A total IQ score cannot be calculated for him because, like many people on the spectrum, he is brilliant in some areas and lower in others. Despite this, he does not qualify for a specialist school, yet he also does not qualify for aide support in a mainstream school. He has a ‘severe pragmatic speech disorder’, yet his pragmatic speech score (which is ‘severe’ and well below peer level) was the criterion that disqualified him from aide funding in 2009.

Six months after spending substantial personal funds on limited occupational, psychological, and speech therapy, he qualified for FACHSIA funding when the qualifying age limit was extended from six to seven years. Since then this government-funded therapy has seen my son’s speech improve, he is learning to write, and he is learning social skills through psychology to enable him to integrate better at school and overcome his anxiety. Next week when he turns seven we will lose access to this funding; which we have benefited from for just over a year, and we cannot afford to continue this level of support to him as a single income family.

I resigned from my position with the Federal Government in January 2010 (who denied me leave without pay to care for my son) to support him at school in the absence of an aide. I have worked closely with the school to implement a range of physical and visual supports to aid him in staying on task and to keep him as regulated as possible. His unregulated behaviour is not only detrimental to his learning capability, but is also disruptive to his classmates. The school does its best to meet my requests, however my son is one of twenty students in the class, each with their own unique needs. The resources of the school system are extremely stretched and without an aide for him the school has limited capacity to deal with extreme behaviours, such as him running away when he is confused or anxious.

I will remain unable to return to work as I will continue to perform proxy-aide assistance to him at school. In addition he can not attend before or after school care due to his sensory seeking and sensory overload tendencies.

My son falls through the gaps – he does not qualify for an aide in a mainstream school, he is unlikely to be accepted into a private school because he does not have aide funding (and would lower academic scores on the MySchool website), and he does not meet the IQ requirements for acceptance to a specialist school that provide supportive therapies.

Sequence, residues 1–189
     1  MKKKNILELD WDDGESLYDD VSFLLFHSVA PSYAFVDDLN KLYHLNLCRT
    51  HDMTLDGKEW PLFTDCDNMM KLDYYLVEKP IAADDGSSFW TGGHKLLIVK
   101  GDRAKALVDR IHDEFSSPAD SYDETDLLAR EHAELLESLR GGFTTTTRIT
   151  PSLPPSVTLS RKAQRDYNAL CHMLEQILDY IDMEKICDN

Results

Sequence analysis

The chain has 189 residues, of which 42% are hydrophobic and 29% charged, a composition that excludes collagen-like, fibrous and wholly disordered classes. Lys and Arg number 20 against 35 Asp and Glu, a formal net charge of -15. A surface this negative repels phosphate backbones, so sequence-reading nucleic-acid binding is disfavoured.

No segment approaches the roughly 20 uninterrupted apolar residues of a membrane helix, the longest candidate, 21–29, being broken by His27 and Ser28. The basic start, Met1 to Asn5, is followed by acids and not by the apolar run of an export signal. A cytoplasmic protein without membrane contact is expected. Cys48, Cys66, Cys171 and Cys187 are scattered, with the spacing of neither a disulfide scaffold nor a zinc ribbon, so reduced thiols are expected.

The key issues this story raises are –

  • The Department of Education through the limited and inflexible eligibility criteria of the Program for Students with Disabilities, fails to fund most children with Aspergers, despite their high needs and behaviours. Children with Aspergers are consistently “falling through the gaps”.
  • Access to school- based regular and ongoing occupational therapy, speech therapy or psychology services is limited or non-existent, despite the enormous benefits to enhancing behaviours and learning.
  • Specialised government-funded training for teachers on visual aides and dealing with behaviours in the school should be compulsory. Training aides is irrelevant to the many Asperger children who do not qualify for aides.
  • In order to provide assistance to their children, parents, particularly mothers, are increasingly unable to commit to paid work.  




From Sarah

My name is Sarah O’Connor and I have an 11 year old daughter – Beth – who has autism. Beth attends a mainstream primary school at present and is in grade 5. She has level 4 funding and by and large it has been excellent.  I have however always had to source any specialist services that we have used. These include speech therapy, occupational therapy and social skills groups. This often costs me somewhere around the $250 a fortnight range depending on what therapies we are doing at the time or what we can afford at the time. A social skills group that Beth attended cost me $700 for 10 sessions, to be paid in advance. I have to travel 45 minutes each way to attend these services once a fortnight which means that Beth has to miss a day of school each fortnight.